K-State to receive, embrace huge influx of African-American students

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Editor’s note: This is a fake article. All facts and quotes are entirely fabricated. Happy April Fools’ Day.

The K-State campus is about to look more different than ever. Thanks to the drastic efforts of multiple multicultural organizations’ recruitment efforts, K-State is estimated to receive an influx of nearly 20,000 African-American students this fall, changing the black demographic from roughly 7 percent to 50 percent of the total student population.

“It’s about damn time,” said Brayden Mark, program assistant for the office of diversity. “This university has been too whitebread for too long. Having a half-black campus will make everyone happier and more comfortable.”

According to the department of diversity, K-State has been working on a new student exchange program, Operation Inner City Immigration. An official statement from the department reads that the program was hidden from the state government, because “it probably wasn’t a good idea to tell them. “

Students met the news with nothing but praise and positive opinion.

“I just love black people,” said Becky, who asked to remain anonymous in case anyone actually read this. “I promise. They’re great.”

Instructors also shared Becky’s dazzling enthusiasm.

“Why should this change how I teach?” said Brian Faulkner, professor of white history. “I’m perfectly fine with anyone from any race. It’s not like a ton of them will be taking my classes anyway.”

Not prompted by a question at all, he added, “This is a fine addition. Fine. It’s just wonderful.”

It is expected that the Black Student Union will become the most prominent group on campus, and entities such as Ebony Theatre and the National Society of Black Engineers will become “Theatre” and “National Society of Engineers.” Though many students are overjoyed about the K-State demographic change, other students are hesitant about the change.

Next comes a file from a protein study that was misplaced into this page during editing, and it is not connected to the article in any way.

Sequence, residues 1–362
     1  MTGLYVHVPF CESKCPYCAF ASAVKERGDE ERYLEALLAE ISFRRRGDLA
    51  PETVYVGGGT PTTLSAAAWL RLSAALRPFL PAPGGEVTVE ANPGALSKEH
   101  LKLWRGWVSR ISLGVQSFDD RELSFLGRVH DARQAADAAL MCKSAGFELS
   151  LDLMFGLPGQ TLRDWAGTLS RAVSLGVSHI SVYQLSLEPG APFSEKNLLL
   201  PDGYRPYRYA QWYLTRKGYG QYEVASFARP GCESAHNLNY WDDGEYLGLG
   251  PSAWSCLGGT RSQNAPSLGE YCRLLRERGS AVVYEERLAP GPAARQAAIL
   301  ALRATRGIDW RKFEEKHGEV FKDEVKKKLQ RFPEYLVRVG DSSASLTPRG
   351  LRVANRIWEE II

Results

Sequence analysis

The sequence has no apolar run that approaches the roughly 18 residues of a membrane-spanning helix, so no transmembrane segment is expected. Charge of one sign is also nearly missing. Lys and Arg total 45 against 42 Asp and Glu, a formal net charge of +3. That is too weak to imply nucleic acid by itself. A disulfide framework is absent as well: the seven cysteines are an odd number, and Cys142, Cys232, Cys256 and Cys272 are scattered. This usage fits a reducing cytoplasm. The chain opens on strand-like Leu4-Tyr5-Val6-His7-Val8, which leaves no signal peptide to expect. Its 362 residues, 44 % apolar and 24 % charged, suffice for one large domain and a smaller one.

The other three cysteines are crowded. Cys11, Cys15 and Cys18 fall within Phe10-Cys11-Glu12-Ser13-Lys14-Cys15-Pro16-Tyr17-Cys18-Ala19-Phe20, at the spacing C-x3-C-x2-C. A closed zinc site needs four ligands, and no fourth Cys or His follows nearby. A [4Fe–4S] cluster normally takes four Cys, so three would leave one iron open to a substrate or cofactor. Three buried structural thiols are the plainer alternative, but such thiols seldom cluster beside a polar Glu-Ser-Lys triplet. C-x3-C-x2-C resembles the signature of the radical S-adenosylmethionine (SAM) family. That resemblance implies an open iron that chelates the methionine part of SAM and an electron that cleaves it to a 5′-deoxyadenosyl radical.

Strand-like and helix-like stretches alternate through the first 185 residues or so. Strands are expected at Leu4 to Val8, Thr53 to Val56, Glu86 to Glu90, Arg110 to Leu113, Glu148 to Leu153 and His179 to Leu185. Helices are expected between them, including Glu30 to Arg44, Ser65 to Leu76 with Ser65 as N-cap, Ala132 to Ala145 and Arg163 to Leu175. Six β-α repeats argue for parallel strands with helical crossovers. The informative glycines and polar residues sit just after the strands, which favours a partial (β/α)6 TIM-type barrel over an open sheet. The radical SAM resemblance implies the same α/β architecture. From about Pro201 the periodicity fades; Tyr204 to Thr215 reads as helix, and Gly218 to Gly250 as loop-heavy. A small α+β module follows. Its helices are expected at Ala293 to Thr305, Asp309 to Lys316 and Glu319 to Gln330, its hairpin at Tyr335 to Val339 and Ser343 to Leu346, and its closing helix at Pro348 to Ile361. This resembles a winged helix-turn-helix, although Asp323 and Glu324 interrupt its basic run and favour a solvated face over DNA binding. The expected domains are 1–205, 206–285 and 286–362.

“I don’t know about this, I kind of enjoyed being a minority,” said Caylor Tabine, sophomore in advertising. “Nobody bothered you with being nice or asking how your day was. They just avoided you, it was great. I feel like I’m going to lose my special treatment.”

Despite the threat of no longer being one of the prized few, Tabine said that having more African-American students may actually end up being something nice.

“Just as long as they’re not rachet,” Tabine said. “Nobody likes rachet.”

Campus officials are beginning to enact preparatory measures in order to accommodate the rush of incoming students. In addition to reviewing proposals to establish a campus barber shop, the university is looking into adding a Popeye’s Chicken vendor to the Student Union.

“That’s not racist,” said Luther Martin, Union assistant. “It isn’t, right? They’d like that, right?”

Now that the idea has begun to sink in, hopeful students are beginning to look beyond next semester, at the future of K-State and the changes that these new students could make.

“Who knows,” said Emily Donsend, senior in wishful thinking, “maybe after this we’ll have a burst of male women’s studies majors.”

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